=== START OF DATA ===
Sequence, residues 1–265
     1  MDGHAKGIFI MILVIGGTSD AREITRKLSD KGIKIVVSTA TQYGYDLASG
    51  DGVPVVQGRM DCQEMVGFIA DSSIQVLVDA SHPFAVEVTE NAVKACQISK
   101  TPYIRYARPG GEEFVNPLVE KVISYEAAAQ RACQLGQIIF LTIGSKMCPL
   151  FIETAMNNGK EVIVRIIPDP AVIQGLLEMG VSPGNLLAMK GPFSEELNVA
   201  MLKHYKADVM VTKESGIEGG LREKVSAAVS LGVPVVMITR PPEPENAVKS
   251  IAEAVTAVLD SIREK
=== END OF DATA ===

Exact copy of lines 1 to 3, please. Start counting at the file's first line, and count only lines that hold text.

Sequence, residues 1–265
     1  MDGHAKGIFI MILVIGGTSD AREITRKLSD KGIKIVVSTA TQYGYDLASG
    51  DGVPVVQGRM DCQEMVGFIA DSSIQVLVDA SHPFAVEVTE NAVKACQISK